As in far too many police shootings of Black Americans, the circumstances surrounding Isaiah Brown’s shooting are both painfully familiar and impossible to grasp. A harmless item in the victim’s hand (a phone) supposedly mistaken for a weapon. An unarmed Black man, seemingly in crisis, confronting an armed police response. Overwhelming use of force — Brown was shot 10 times — that strains comprehension. And now, a severely wounded victim who may not survive and if he does, will never fully recover.
But Isaiah Brown’s case is also different. Brown is a gay/same gender loving (SGL) Black man. And while we don’t know all the details of his shooting, the shooting is surfacing the long and ugly history of violence, including at the hands of law enforcement, against LGBTQ+/SGL people. It reminds us that as we face a national reckoning around systemic racism and its role in police violence, our solutions have to address anti-LGBTQ+/SGL bigotry also.
We know that LGBTQ+/SGL people are overrepresented in correctional institutions and the justice system: for instance, a stunning 42 percent of people in women's prisons identify as LGBTQ+/SGL compared with less than five percent of the overall population. We also know that LGBTQ+/SGL people of color are particularly vulnerable to police abuse: one study found that two-thirds of Latina transgender women in Los Angeles County had been verbally harassed by police, while 24 percent had been sexually assaulted by police and 21 percent physically assaulted.
Much national attention is focusing on what the federal government can do to end police violence, starting by passing the George Floyd Justice in Policing Act. But public safety is above all a local function. As we consider the best ways to save Black lives and LGBTQ+/SGL lives right now, we can look in our own backyards.
We can push our local officials to do what a young Black mayor is doing in Ithaca, N.Y., a college town that is making dramatic changes in public safety. Under Mayor Svante Myrick, Ithaca is determined to dramatically reduce citizen encounters with armed officers. It is determined to build trust with the city’s communities of color, LGBTQ+/SGL citizens, homeless residents, and residents with disabilities.
Ithaca is doing necessary and tough work by eliminating its traditional police force and replacing it with a Department of Community Solutions and Public Safety, with a force divided between armed officers and unarmed social workers. In the many, many cases where an emergency call involves human distress that is not criminal, an unarmed response can be deployed. This will save lives.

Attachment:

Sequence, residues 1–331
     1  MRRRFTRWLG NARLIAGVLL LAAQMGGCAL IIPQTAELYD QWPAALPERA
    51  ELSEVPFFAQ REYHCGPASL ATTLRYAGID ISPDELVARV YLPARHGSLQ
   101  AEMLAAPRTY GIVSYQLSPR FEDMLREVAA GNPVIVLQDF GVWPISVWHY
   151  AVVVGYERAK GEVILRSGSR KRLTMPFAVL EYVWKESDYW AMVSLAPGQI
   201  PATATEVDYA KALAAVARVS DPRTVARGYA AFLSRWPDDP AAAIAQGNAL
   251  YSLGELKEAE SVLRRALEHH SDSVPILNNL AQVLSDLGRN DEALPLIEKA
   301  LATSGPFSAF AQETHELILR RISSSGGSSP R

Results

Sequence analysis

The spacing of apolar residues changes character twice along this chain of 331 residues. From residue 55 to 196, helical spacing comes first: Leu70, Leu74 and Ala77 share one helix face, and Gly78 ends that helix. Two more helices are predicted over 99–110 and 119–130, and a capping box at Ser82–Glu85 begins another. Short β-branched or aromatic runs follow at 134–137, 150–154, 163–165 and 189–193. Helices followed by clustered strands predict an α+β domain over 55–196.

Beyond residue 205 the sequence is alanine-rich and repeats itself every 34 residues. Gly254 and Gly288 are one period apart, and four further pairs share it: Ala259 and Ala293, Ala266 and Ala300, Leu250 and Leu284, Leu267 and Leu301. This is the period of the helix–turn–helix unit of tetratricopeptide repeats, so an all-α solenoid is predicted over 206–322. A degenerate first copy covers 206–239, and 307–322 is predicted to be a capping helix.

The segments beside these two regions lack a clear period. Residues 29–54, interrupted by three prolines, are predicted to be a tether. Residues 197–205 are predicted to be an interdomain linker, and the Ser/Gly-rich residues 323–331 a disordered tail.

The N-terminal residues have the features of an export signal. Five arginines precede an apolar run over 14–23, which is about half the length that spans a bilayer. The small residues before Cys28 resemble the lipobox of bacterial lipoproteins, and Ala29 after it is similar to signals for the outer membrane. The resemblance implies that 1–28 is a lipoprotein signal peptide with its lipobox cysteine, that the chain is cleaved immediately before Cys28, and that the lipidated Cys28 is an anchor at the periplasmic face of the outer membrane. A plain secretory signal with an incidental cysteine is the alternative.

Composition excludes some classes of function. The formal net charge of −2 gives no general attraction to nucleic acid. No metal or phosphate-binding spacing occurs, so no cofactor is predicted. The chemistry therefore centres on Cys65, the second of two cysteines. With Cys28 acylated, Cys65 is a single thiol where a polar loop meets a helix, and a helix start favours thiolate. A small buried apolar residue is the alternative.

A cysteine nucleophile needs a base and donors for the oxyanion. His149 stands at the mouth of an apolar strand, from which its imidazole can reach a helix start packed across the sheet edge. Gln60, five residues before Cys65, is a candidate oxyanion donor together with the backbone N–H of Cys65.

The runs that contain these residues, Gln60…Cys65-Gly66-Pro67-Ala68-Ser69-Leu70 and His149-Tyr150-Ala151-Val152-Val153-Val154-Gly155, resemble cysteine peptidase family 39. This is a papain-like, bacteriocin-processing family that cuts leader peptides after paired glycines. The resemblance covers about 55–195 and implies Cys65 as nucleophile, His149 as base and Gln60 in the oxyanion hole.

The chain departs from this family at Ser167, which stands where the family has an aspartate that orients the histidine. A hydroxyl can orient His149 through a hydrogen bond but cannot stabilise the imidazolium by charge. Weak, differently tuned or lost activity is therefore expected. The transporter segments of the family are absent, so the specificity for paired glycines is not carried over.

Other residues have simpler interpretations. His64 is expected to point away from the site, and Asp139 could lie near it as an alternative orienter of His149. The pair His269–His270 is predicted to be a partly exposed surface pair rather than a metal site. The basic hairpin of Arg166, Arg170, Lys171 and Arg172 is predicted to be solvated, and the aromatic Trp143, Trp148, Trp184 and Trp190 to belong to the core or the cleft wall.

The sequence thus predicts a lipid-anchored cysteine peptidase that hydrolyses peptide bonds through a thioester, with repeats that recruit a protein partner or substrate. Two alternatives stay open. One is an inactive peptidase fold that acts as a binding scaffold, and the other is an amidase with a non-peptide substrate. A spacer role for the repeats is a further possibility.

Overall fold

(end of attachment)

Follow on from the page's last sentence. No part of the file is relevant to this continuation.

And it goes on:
Reducing armed confrontations with vulnerable people, including people who have been profiled and stigmatized because of the color of their skin, sexual identity, gender identity, or gender expression is one clear way to head off disaster. Ending profiling and stigmatization in the first place is a critical piece as well. Local public safety departments need culturally competent training for officers engaging with the community. They need to use psychological screening, as Ithaca is doing, to screen out applicants who rank high for authoritarian tendencies — and continue screenings on a regular basis to identify officers suffering from PTSD or other untreated conditions. Local governments need to decriminalize minor offenses, like loitering, that essentially make it a crime to be poor or marginalized — conditions that disproportionately affect people of color and LGBTQ+/SGL people.
These are critically important steps. They also won’t happen by themselves. Over the last year, many of us marched against police violence and advocated to address systemic racism or pass the Equality Act. It’s vital to be visible in the streets, but it’s important to show up at city hall too. We need to be in the room when the work of local government is done. We need to be on the phone and in the inboxes of local representatives. They are the ones with the real power over public safety where we live, and they answer to us.
Today, while Derek Chauvin’s conviction for murdering George Floyd is still fresh, there is real momentum for change. Ithaca’s city council voted unanimously to transform its police force at the height of Chauvin’s trial; we have a window of opportunity now to bring other local governments to the table — while the awareness of wrongs to be righted, the pain of lives lost, is so acute. For Isaiah Brown, for Ma’Khia Bryant, Tony McDade, Andrew Brown, George Floyd, and so many more, let’s meet this moment.
Ben Jealous is president of People For the American Way and David Johns is executive director of the National Black Justice Coalition.